VA w chute holder.jpg

    A 24mm tube holds the main chute inside the front of the rocket, and the Kevlar shock cord is taped down around the outside of the cannon. At apogee, the nosecone is ejected away from the rocket using a charge at the tip of the cannon, for a drogueless descent which exposes the cannon. At the main chute altitude, the chute is fired from the cannon with a piston. The chute cannon concept has a few advantages:

    • Dual deployments from one av-bay break
    • The av-bay stays next to the motor throughout the flight, making sustainer ignition easier
    • Efficient use of nosecone volume
    • No tube zippers

    The downside on a 38mm rocket is that the shock cord can't be very beefy and still fit, and the cannon likes to break off the end of the rocket after landing. The cannon is also difficult to install with the way I did it in this version, though I have a redesign in mind that should make it stronger and easier to use.

    The booster has an ejectable av-bay recovery system. There is a long coupler tube that holds the electronics and the chute. The ejectable av-bay is positioned just behind the sustainer motor. At burnout, the electronics fire the stage separation charge, and at apogee, electronics fire a charge at the other end that ejects the av-bay and chute from the booster. The front end the tube that holds the chute is cut into two L-shaped pieces that fit together when they are inside the booster so that it can support the sustainer motor during the boost, but also easily release the chute when it is ejected from the booster airframe tube. I'll add a picture later if people are interested but I don't have one handy at the moment.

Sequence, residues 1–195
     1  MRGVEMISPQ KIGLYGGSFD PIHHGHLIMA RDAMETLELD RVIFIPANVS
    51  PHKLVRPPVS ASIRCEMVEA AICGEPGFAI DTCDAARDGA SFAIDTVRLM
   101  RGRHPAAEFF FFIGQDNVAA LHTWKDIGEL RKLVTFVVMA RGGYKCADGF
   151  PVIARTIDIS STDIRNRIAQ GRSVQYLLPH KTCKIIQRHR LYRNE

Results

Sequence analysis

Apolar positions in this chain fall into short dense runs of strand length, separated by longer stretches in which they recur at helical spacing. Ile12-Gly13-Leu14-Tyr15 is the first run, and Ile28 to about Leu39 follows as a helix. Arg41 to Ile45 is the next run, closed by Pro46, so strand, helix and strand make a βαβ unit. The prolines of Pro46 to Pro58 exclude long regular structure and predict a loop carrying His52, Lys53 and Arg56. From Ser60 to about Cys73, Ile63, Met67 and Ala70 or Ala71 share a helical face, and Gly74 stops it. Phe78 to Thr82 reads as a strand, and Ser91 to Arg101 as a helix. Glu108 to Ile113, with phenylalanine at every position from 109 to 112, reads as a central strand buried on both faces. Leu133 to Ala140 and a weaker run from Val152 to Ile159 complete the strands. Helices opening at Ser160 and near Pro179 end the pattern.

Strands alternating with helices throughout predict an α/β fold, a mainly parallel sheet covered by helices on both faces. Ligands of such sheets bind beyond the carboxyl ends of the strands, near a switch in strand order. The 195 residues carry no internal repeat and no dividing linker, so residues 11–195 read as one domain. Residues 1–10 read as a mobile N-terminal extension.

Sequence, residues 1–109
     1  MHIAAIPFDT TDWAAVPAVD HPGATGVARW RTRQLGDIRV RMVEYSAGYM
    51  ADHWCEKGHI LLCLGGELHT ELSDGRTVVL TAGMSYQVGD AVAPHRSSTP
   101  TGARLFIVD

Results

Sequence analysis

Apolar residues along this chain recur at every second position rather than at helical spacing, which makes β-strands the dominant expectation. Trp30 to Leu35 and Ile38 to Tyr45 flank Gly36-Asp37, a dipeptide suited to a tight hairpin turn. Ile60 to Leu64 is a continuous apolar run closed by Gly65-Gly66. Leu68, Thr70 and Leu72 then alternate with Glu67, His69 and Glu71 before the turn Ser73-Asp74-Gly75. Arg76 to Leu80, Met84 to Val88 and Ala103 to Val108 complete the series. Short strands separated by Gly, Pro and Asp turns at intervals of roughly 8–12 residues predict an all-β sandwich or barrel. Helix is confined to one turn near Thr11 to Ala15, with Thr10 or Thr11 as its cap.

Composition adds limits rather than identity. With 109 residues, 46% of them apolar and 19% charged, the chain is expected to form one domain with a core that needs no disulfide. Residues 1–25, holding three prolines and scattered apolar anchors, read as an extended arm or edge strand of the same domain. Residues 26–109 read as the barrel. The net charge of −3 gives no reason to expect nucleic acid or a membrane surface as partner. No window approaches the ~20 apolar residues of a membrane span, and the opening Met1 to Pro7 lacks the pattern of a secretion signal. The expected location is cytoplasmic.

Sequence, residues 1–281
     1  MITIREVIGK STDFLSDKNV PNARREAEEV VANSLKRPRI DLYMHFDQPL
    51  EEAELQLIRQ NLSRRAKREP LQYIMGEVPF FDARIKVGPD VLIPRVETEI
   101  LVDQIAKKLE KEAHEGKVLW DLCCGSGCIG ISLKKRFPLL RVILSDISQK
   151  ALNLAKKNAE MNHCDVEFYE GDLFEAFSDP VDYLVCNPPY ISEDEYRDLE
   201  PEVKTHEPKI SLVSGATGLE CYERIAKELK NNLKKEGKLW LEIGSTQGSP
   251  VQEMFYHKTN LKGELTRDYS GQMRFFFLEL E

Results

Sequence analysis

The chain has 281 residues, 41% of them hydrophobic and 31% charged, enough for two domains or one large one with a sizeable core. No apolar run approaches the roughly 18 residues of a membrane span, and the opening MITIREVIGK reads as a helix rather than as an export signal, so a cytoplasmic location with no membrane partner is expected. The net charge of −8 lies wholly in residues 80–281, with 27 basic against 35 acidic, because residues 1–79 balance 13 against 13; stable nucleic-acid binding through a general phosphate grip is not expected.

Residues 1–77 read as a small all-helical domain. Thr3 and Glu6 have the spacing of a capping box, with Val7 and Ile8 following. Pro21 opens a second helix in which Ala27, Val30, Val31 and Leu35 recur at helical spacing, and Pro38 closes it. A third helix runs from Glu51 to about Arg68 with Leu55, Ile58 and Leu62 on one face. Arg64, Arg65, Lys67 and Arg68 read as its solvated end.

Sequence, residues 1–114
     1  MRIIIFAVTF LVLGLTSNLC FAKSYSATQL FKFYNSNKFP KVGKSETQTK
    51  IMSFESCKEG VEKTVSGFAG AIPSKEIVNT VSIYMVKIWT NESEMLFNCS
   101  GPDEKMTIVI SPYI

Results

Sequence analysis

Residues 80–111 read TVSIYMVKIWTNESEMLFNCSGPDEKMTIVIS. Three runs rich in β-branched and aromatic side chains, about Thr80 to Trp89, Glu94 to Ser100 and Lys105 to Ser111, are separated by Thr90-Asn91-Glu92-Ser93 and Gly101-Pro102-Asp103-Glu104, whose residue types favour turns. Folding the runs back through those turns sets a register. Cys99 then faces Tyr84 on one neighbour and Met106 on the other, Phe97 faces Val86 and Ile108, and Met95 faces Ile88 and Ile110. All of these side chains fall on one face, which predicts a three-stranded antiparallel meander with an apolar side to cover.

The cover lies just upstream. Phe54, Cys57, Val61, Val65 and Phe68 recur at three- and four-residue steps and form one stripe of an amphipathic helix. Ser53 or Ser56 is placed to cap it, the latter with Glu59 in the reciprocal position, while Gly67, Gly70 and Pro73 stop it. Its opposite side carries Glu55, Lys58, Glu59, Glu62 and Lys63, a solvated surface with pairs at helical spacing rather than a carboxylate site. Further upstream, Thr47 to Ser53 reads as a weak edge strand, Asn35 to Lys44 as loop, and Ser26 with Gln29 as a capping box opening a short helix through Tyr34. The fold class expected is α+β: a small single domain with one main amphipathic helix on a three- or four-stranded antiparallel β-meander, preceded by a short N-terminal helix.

Both stages have a Featheweight Raven4 altimeter and a Featherweight GPS tracker, side by side, in an av-bay only 2" long. The av-bay uses a Featherweight 38mm av-bay kit for mounting the Raven, which includes a magnetic switch and enables the threaded rods to fire the deployment charges. I'll add some pictures later if people are interested. The sustainer adds a separate screw switch for the sustainer airstart igniter, so that I can arm all the electronics for deployments and make sure they're ready before arming the airstart. The booster's thick carbon fiber tubes prevented GPS reception until the av-bay was ejected.

    The chutes for both stages are ones that I design and sew myself that are nearly hemispherical, but made out of one sheet of thin ripstop to minimize the hems and the packing volume they take up. A 14" diameter chute, piston, and protector all fit in about 6" of 24mm chute cannon tube.

    The booster motor is held in place with a forward retention device made from a Home Depot 1.5" expandable pipe tester that I have screwed onto the end of the forward closure. When I install the ejectable av-bay in the booster, I shove it up against the back of the sustainer motor using the booster motor, and then just twist the booster motor to expand the rubber motor retention to lock it into place. That leaves the whole inside of the 2-stage rocket, from the sustainer motor on down, all stacked together so that none of the innards can move during the boost.